These all fall into what is known as cognitive behavioral therapy. One study performed looked at epileptic patients concerning strategies used to control seizures in those with temporal lobe epilepsy, along with healthy individuals. This looked at specifically the interictal anxiety that individuals had while having a seizure.
Results showed epilepsy patients to have a 35% higher level of anxiety when compared to the general population. The individuals that had temporal lobe epilepsy along with interictal anxiety had a lower quality of life when compared to those with temporal lobe epilepsy but no interictal anxiety.
Although therapies were used by those with interictal anxiety, no differences were seen concerning seizure control (5) This doesn’t necessarily mean that the use of therapies have no affect, but the individual should know the triggers so they have a specific type of therapy to use for any anxiety.
Environmental effects on seizures
The environment that one surrounds their self with effects one’s’ mood and outlook. The environment surrounding you can affect your mindset and level of tension depending on the situation.
Any excessive stress such as this could lead to a seizure due to an increase in anxiety. It has been shown that the environment plays an important role in frequency of seizures occurring.
In one study, the association between temporal lobe epilepsy, depression and anxiety was looked at. Since the temporal lobe of the brain has to do with controlling emotions, this makes sense to use this form of epilepsy. The study took place over a six-week period where rodents had the condition of status eplepticus.
This is where seizures occur back-to-back and do not stop. They were housed in either a normal cage, or an enriched environment cage. This was for fourteen days. Chemical and cellular aspects of the hippo campus of the brain were looked at to see any possible changes.
Results showed the enriched environment significantly decreased seizure frequency and duration. This suggests that certain therapeutic strategies could be used to alleviate seizures and any psychiatric aspects such as anxiety or depression that is associated with temporal lobe epilepsy. (3)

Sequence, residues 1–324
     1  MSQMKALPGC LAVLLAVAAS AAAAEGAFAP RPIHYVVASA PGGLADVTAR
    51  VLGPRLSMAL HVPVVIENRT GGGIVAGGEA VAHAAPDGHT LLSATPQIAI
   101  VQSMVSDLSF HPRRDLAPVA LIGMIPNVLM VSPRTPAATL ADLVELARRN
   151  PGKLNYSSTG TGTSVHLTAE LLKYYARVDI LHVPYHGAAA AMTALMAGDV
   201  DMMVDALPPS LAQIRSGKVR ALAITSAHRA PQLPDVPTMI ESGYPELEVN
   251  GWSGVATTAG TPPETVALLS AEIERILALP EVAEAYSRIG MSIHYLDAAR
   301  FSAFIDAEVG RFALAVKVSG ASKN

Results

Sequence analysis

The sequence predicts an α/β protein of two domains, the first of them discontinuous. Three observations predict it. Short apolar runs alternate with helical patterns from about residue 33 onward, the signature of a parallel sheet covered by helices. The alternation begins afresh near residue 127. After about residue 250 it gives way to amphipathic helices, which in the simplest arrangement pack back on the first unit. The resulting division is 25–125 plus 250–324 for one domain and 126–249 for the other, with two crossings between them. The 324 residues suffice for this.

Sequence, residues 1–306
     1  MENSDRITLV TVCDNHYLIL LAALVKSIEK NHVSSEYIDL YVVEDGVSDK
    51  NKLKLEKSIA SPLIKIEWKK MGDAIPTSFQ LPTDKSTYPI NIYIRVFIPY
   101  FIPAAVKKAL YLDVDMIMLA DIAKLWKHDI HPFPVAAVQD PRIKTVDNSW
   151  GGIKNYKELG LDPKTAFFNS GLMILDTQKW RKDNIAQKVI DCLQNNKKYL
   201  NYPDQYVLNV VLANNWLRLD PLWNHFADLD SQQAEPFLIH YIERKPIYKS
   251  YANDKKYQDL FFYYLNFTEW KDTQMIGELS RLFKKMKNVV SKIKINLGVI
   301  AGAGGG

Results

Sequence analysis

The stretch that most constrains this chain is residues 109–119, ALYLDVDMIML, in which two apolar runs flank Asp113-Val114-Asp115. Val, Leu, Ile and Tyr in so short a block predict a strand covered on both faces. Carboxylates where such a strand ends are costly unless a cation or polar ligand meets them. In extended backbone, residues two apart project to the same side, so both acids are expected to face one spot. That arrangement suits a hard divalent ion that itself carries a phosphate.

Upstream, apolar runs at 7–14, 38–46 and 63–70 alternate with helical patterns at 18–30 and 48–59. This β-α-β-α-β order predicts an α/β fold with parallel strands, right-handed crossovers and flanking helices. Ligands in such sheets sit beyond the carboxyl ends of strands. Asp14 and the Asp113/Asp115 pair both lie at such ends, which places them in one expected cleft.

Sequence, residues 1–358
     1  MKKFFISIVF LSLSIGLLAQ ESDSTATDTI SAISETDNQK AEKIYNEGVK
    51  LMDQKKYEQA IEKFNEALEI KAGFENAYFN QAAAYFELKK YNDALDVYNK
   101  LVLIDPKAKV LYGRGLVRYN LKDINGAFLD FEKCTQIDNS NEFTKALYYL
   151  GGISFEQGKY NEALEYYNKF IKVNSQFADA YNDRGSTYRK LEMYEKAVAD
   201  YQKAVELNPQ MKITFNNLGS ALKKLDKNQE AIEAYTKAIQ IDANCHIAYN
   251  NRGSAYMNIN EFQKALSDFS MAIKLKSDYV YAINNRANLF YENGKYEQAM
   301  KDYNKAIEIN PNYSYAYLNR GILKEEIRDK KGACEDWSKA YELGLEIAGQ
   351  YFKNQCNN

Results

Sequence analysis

Effectively treating seizures
Because of there being different types of seizures, either epileptic or non epileptic, it is hard to know what treatment to use if you are unaware of the specific type of seizure one is having.
Because having a seizure can cause anxiety or certain phobias, this suggests a direct relationship in some way. Anxiety due to having a seizure or other factors can also be a trigger for a seizure, so specific forms of therapy or treatment may be needed for the individual in order to decrease the frequency of the seizures.
Certain therapies such as cognitive behavioral therapy has shown to be effective in assisting with non epileptic seizures which are due to anxiety or depression.
If you’re a patient that is epileptic and think certain stresses such as anxiety or depression may be triggering either epileptic or non epileptic seizures, or if you think you may be having only non epileptic seizures, this and other forms of therapy may help and should be discussed with your doctor.
Seizures caused by anxiety, as well as having anxiety resulting from seizures occurring are both possibilities. This can lead to a chronic condition if triggers leading to anxiety are not found and treatments be used.
Therapies mention, and even the use of marijuana may be possible since marijuana has been shown to have positive effects on decreasing anxiety levels.
The use of therapies on anxiety which may trigger seizures is promising and should be tried, but more research should be done in order to get a full benefit from using this type of treatment.